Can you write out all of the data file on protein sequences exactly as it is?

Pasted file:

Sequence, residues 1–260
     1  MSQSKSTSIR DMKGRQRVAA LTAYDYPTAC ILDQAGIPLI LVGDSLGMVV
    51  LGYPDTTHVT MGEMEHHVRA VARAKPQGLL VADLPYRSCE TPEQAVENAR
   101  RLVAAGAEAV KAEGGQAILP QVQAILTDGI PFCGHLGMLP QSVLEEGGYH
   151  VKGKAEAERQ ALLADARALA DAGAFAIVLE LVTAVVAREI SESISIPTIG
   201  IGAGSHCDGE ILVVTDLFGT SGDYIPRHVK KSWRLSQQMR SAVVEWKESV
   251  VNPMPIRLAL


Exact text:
Sequence, residues 1–260
     1  MSQSKSTSIR DMKGRQRVAA LTAYDYPTAC ILDQAGIPLI LVGDSLGMVV
    51  LGYPDTTHVT MGEMEHHVRA VARAKPQGLL VADLPYRSCE TPEQAVENAR
   101  RLVAAGAEAV KAEGGQAILP QVQAILTDGI PFCGHLGMLP QSVLEEGGYH
   151  VKGKAEAERQ ALLADARALA DAGAFAIVLE LVTAVVAREI SESISIPTIG
   201  IGAGSHCDGE ILVVTDLFGT SGDYIPRHVK KSWRLSQQMR SAVVEWKESV
   251  VNPMPIRLAL